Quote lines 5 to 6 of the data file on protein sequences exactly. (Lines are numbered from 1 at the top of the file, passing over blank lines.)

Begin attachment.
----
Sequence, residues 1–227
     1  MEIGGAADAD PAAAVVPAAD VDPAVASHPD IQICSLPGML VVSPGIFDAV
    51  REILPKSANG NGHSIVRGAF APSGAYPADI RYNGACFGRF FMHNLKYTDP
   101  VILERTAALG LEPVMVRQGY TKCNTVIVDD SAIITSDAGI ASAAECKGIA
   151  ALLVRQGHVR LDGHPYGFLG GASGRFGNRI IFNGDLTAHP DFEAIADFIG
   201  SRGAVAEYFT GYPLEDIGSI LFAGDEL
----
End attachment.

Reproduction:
   151  ALLVRQGHVR LDGHPYGFLG GASGRFGNRI IFNGDLTAHP DFEAIADFIG
   201  SRGAVAEYFT GYPLEDIGSI LFAGDEL